The cesarean section (C-section) rate between October 2007 and May 2008 in China reached 46 percent, ranking first in the world, according to a survey report released by the World Health Organization (WHO) in February 2010.
Meanwhile, the alarm level set by the WHO on the C-section rate is 15 percent. The proportion of C-sections without surgical indications (meaning that the patient meets the standards required by convention, and surgical treatment is required) accounted for less than 12 percent of the total C-section cases in Chinese mainland, according to the report.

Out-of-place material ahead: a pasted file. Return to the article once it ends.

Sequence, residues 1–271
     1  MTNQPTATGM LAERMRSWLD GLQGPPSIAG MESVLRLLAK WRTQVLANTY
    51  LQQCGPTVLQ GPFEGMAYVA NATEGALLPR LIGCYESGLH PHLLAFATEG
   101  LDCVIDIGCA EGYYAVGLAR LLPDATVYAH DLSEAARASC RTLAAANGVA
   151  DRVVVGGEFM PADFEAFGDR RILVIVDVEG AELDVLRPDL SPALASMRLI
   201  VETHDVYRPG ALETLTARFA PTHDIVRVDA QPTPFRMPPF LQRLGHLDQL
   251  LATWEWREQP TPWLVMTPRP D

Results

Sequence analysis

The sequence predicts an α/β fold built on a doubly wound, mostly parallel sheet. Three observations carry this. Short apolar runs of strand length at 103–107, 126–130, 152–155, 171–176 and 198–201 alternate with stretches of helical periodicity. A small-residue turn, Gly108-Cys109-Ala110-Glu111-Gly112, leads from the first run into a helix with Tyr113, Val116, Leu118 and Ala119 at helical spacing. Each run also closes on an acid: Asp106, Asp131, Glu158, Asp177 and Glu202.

The report caused widespread concern among domestic media and the public.
Comments like "C-sections are out of control," "the 12 percent of C-sections in China is not necessary," "hospitals 'love' C-sections to pursue profits" and "if there are no significant economic benefits, there is no high C-section rate" all point to hospitals and doctors being the "culprits" of the high rate of C-sections in Chinese mainland.
(Source: People's Daily Online May 11)
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